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Virtual Biopsy in Development to Detect Melanoma

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(Alexas Fotos, Pixabay)

18 May 2018. An engineering professor in Colorado is developing a new process for diagnosing melanoma, an aggressive form of skin cancer that analyzes conditions in the skin without removing tissue samples. In April, Jesse Wilson, a researcher and engineering faculty member at Colorado State University in Fort Collins received a competitive grant from Melanoma Research Alliance to fund his work.

Wilson studies biomedical optics, particularly digital signal processing for diagnostics and pathology in cancer. In this new project, Wilson plans to apply advances in photonics to reveal key information in a person’s skin indicating the presence of melanoma cells. Detecting melanoma today usually requires taking a biopsy, a physical tissue sample of a person’s skin.

Melanoma is an aggressive type of skin cancer, which while not as common as basal cell and squamous cell skin cancers, is more likely to spread to other parts of the body. American Cancer Society expects more than 91,000 people in the U.S. to develop melanoma in 2016, leading to some 9,300 deaths. If melanoma is caught and treated early, before it spreads or metastasizes, the 5-year survival rate is 92 percent. After the cancer spreads to other parts of the body, however, the 5-year survival rate drops to 13 percent.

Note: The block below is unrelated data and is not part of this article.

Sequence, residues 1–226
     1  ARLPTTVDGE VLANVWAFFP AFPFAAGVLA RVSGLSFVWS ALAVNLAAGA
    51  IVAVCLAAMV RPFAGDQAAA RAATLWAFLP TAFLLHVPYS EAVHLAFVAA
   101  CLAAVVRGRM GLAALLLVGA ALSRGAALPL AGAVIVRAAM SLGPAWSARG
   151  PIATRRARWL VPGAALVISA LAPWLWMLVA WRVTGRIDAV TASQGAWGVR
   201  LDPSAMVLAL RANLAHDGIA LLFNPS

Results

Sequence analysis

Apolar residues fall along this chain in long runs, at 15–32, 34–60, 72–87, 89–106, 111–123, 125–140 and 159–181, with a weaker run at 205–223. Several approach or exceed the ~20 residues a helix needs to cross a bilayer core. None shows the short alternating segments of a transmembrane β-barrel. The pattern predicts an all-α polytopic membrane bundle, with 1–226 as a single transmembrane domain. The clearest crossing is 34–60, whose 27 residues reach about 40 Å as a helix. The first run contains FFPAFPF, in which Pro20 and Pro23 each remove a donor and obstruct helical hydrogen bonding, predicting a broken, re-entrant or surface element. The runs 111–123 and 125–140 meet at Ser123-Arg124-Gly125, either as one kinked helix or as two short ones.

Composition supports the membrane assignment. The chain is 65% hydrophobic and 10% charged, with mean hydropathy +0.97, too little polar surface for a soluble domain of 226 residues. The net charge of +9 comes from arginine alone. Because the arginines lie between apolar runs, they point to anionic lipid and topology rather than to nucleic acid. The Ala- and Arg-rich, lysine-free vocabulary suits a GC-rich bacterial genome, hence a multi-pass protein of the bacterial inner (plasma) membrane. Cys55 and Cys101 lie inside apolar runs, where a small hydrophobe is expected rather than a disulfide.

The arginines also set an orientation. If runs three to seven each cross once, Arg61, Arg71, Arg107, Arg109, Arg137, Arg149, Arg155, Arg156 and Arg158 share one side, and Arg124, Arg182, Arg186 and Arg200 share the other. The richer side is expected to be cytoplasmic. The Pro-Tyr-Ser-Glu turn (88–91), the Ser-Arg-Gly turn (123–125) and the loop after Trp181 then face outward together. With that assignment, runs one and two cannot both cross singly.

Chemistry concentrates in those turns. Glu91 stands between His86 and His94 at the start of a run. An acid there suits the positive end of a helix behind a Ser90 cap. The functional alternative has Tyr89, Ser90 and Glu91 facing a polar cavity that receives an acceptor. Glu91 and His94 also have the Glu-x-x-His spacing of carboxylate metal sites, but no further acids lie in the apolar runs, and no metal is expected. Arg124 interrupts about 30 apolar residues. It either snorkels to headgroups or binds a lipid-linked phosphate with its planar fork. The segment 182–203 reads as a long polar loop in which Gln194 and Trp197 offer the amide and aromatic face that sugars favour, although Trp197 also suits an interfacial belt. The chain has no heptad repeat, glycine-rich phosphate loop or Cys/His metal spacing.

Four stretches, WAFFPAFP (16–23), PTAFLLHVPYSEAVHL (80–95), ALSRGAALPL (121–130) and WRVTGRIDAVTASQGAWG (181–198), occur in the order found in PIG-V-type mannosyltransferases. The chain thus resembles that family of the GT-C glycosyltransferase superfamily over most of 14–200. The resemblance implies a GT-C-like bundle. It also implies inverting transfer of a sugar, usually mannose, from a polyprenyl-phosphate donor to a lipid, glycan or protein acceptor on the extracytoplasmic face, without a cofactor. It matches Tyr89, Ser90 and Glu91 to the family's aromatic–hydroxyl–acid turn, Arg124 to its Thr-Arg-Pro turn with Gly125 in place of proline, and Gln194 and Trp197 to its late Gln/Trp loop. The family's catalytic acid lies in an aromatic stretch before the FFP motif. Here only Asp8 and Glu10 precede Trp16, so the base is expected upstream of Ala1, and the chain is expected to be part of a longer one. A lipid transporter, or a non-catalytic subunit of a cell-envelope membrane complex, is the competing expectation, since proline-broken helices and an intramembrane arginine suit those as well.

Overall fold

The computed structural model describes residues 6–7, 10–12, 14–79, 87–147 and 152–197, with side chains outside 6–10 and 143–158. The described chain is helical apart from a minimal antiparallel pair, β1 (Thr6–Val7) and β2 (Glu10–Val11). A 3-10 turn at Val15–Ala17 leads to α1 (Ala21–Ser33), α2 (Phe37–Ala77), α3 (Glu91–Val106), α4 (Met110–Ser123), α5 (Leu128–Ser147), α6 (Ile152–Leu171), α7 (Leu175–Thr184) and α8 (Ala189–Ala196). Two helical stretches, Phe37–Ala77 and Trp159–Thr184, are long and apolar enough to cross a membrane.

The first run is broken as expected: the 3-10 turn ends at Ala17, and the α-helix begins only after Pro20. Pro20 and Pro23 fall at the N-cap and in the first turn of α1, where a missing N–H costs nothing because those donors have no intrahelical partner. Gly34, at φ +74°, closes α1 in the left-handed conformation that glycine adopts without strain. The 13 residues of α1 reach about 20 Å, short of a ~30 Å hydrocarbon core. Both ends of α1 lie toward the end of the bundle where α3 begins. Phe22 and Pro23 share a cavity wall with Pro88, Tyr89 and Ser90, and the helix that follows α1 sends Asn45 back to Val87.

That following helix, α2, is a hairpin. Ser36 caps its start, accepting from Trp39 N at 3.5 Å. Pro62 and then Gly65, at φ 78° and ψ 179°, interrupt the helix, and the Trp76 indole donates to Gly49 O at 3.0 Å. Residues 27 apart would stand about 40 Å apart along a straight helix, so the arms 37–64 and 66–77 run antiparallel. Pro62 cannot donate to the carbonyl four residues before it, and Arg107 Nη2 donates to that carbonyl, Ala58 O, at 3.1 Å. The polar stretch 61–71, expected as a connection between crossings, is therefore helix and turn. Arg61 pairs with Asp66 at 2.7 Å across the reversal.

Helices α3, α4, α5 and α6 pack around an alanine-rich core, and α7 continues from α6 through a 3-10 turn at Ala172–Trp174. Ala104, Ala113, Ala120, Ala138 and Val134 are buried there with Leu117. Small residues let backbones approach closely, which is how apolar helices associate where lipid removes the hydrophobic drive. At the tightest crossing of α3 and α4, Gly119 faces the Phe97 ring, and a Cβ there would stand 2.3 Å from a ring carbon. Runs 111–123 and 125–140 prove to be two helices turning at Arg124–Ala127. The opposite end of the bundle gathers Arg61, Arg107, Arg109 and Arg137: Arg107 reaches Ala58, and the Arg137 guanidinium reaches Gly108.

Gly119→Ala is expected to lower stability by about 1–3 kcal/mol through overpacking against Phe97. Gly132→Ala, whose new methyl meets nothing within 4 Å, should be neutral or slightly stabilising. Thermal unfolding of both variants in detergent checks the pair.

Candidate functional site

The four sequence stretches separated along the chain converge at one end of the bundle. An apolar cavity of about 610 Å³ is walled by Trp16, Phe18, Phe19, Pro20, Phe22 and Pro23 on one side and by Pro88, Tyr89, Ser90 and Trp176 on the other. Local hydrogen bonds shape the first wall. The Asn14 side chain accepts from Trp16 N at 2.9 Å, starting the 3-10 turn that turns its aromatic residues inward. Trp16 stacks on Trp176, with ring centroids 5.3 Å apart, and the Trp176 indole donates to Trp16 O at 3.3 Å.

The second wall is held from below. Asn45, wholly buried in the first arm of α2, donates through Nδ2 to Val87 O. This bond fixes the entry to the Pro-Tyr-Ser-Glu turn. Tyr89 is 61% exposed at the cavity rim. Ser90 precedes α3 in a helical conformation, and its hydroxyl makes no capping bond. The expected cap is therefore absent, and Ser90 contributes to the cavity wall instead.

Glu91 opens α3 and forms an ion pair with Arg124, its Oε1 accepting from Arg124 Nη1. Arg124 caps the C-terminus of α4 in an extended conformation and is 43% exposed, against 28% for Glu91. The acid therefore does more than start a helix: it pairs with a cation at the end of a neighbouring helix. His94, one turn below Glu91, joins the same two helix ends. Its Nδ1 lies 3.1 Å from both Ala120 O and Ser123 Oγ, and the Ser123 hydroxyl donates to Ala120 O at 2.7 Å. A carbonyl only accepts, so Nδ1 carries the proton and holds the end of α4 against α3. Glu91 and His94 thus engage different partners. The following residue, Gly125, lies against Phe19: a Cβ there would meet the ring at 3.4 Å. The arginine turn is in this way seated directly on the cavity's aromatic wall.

In principle, says Wilson, current high-powered and ultra-short pulse lasers, like those used in Lasik surgery, could provide images with precision and clarity needed for diagnosing skin cancers like melanoma. But the equipment is expensive and the lasers can be dangerous for patients. Instead, Wilson proposes enhancing current laser microscope technology with digital signal processing techniques and artificial intelligence algorithms. The result, he says, will be clear biopsy images that far exceed the quality of images now returned by laser microscopes cleared for diagnostics by FDA.

“Right now there are a handful of virtual biopsy tools available in the United States,” notes Wilson in a university statement, “but the devices are imperfect because they produce grainy images that bear little resemblance to a traditional biopsy.” The new technology, says Wilson, will make it possible to more easily screen patients for melanoma than taking a tissue biopsy, reducing the need for tissue biopsies only to cases where there’s a high likelihood of melanoma. Virtual biopsies would also provide surgeons with more precise boundaries of tumors, making melanoma resection surgery more precise.

And the technology would not be restricted only to humans. Wilson is collaborating with colleagues at Colorado State’s Flint Animal Cancer Center that provides cancer diagnostics and care for pets. The goal is to devise laser-based techniques for analyzing suspected growths on a dog’s skin that can be compared to traditional tissue biopsies in a clinical trial.

Wilson is one of 15 recipients of young investigator awards from the Melanoma Research Alliance that aim to attract early career scientists with new ideas in the field of melanoma. While the exact amount of Wilson’s award was not revealed, young investigator awardees are eligible for grants of $75,000 a year for 3 years, for a total of $225,000.

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